Lilly experimental drug fails in late-stage trial for pancreatic cancer

Shares of Eli Lilly and Co. dipped Wednesday morning after the Indianapolis-based drugmaker said its highly touted experimental pancreatic cancer treatment failed to meet its goal of overall survival in a late-stage clinical trial.

The study evaluated Lilly’s drug, called pegilodecakin, plus a combination of chemotherapy drugs, compared to the chemotherapy drugs alone in patients with metastatic pancreatic cancer.

Metastatic pancreatic cancer is one of the deadliest major cancers, with just 3% of patients in the U.S. living at least five years after the cancer is diagnosed. More than 55,000 people are diagnosed with pancreatic cancer annually.

“Pancreatic cancer has proven to be one of the most difficult tumor types to treat and there have been very few recent treatment advancements in the later-line metastatic setting,” Dr. Maura Dickler, vice president, late phase development, Lilly Oncology, said in a statement.

Lilly shares dropped 1.3%, to $108.29 each, in midmorning trading Wednesday. Lilly said Wednesday it would continue to study the drug in lung cancer and other tumor types, including renal cell carcinoma.

Lilly acquired pegilodecakin last year through its $1.6 billion acquisition of Armo BioSciences, a small, eight-year-old biotech of Redwood City, California. The drug was the company’s lead product. At the time, Lilly officials said they believed pegilodecakin had a “unique immunologic mechanism of action that could eventually allow physicians to offer new hope for many cancer patients.”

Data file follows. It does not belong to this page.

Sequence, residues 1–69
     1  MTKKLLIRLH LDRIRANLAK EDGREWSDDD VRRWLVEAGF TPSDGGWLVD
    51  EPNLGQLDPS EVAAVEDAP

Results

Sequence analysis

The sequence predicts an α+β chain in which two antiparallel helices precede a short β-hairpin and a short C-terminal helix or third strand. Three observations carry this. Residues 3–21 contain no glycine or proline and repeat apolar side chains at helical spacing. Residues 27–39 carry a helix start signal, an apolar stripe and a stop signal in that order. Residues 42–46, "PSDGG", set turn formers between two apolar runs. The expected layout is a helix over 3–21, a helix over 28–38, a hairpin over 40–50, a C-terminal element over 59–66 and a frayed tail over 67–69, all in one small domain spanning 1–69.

Research firm BMO Capital Markets said last year that pegilodecakin might achieve peak annual sales of $260 million for pancreatic cancer and $1 billion for non-small-cell lung cancer.

Lilly has been pushing hard in recent years to beef up its oncology portfolio, in hopes of becoming a major player in cancer treatments. The company now ranks ninth in oncology pharmaceuticals, with cancer drugs accounting for about 20% of Lilly’s revenue, or $4.3 billion last year—far behind industry leader Roche, which racked up $27.8 billion in cancer drug.

Earlier this year, Lilly paid $8 billion to buy another drugmaker, Loxo Oncology, a Connecticut-based startup that is developing cancer-treatment medicines based on tumors’ genetic traits.

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